Disney’s unstoppable ouroboros of nostalgia, rebranding its old stories as new live-action films, has become as inevitable as the circle of life. At the very least, Disney’s past retellings have brought some new wrinkle to liven up these well known stories. Just this year, Dumbo expanded the circus world of the flying elephant, while Aladdin made Jasmine more integral to the story. Neither came close to their animated predecessors, but at least they tried. The Lion King – Disney’s third remake this year – is a “live-action” remake of the 1994 film, that’s also entirely animated, because words mean nothing anymore. With this new telling of The Lion King, there’s more to see than can ever be seen, but more reason to think this should’ve never been done.
Like director Jon Favreau’s last film, 2016’s The Jungle Book, The Lion King sticks to the original film to a fault. The story of Simba (the younger version voiced by JD McCrary, older by Donald Glover) coming to find his rightful place as the king of Pride Rock hasn’t changed in 25 years. Animation aside, Favreau has changed very little. “Be Prepared,” as sung by Chiwetel Ejiofor’s Scar, has been pared down quite a bit, and some scenes have been padded out with extra moments for no real purpose. The most flagrant of these is the sequence in which Rafiki (John Kani) discovers that Simba is still alive. The scene follows a tuft of adult Simba’s hair across the desert, is eaten by a giraffe, then turned into a crap ball pushed by a dung beetle and to the hand of Rafiki himself. This sequence is at least three times longer than in the original and only serves to slow down the story for no apparent reason.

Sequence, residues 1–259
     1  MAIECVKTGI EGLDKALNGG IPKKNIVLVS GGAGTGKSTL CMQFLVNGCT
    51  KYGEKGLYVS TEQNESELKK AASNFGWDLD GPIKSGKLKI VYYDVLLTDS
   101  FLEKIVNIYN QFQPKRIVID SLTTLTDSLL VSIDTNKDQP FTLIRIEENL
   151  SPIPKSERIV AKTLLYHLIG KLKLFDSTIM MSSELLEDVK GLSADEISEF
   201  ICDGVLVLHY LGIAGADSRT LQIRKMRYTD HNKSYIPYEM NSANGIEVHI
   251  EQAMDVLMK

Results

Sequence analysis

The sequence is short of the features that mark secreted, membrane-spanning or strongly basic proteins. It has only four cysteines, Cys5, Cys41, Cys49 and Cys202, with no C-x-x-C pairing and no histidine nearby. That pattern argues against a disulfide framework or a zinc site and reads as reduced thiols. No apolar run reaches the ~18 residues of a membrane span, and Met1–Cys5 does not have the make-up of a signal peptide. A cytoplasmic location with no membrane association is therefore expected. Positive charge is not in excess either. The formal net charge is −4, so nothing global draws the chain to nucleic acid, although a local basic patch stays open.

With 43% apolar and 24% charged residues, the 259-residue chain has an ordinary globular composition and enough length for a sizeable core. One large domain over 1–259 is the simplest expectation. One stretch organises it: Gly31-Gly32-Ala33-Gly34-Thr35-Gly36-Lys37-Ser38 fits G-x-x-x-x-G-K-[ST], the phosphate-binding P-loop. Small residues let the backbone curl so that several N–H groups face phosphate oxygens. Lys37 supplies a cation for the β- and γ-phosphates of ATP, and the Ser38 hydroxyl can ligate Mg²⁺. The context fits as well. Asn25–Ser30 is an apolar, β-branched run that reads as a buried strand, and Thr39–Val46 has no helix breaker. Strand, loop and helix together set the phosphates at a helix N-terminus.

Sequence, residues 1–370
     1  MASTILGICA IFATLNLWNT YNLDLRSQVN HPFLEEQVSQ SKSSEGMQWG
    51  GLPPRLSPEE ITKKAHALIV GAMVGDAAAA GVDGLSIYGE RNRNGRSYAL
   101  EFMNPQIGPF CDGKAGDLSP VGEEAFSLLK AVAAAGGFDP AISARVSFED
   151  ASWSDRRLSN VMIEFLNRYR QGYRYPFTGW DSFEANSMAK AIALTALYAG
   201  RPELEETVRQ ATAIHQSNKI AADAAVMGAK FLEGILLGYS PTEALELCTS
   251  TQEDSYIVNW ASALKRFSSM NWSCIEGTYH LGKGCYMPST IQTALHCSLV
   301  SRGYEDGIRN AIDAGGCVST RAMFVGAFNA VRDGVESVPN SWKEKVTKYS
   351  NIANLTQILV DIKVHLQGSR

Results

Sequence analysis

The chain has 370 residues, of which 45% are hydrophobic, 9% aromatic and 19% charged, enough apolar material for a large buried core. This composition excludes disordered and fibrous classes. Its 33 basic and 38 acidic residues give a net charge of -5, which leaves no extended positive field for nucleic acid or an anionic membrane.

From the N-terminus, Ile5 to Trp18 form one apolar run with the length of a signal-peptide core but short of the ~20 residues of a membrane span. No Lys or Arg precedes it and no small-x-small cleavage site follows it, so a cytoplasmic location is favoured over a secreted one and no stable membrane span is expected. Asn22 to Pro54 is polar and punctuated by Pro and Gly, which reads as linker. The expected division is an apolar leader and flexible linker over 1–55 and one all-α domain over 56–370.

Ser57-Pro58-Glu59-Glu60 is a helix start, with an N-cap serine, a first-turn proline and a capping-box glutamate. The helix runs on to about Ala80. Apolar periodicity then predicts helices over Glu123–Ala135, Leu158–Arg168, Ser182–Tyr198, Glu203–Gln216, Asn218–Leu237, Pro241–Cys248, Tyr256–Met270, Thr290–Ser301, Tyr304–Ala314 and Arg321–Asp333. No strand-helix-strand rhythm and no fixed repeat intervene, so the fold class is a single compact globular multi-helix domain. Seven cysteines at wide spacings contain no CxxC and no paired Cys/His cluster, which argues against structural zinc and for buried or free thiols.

The Lion King’s biggest strength and weakness is its animation. The level to which the animators have brought these animals and landscapes to life is truly stunning. The detail is exquisite and intricate, to the point that one can see the tendons in the paws of Sarabi (Alfre Woodard), or count the ribs on an emaciated Scar. But this dedication to realism takes away from the expressive nature of the original. By trying to make this film as believable as possible, Favreau and his team have zapped much of the magic out of this story. For example, in the animated original, “I Just Can’t Wait to Be King” was a vibrant and colorful ode of joy, and “Hakuna Matata” was a fun, active romp with two newfound friends. But since The Lion King has to adhere to naturalism, both of these numbers are reduced to these characters walking around, with open maws to account for their “singing.” The uncanny valley of realistic animals singing isn’t as bad as expected, but in comparison to the original, this presentation is a massive step down.
The only place where The Lion King allows for any original voice is fittingly in its excellent voice cast. The surprise stars here are Billy Eichner and Seth Rogen as Timon and Pumbaa, respectively. Their banter is fresh and feels made up in the moment, a stark contrast to the way the rest of this story is told. Much of Eichner and Rogen’s dialogue is completely new to this story, and breathes much-needed life into a film that feels stale from the opening frame. Most of The Lion King is impeccably cast, like placing Eric André as the insane hyena Azizi, or John Oliver as the proper hornbill, Zazu. The problem again though is that the animation, these dead-eyed animals don’t do justice to the cast. When even Glover and Beyoncé, as Nala, feel occasionally lifeless, it’s clear there’s something wrong with this mismatch of character design and voice actors.
The Lion King is easily the most unnecessary and egregious of Disney’s remake cash-ins. The Lion King’s minuscule additions don’t warrant this film to exist, and the dedication to realism actively hurts the story being told. When Zazu sings that Simba’s future rule as king is “a rather uninspiring thing,” it’s hard not to laugh at the unintentional irony at hand.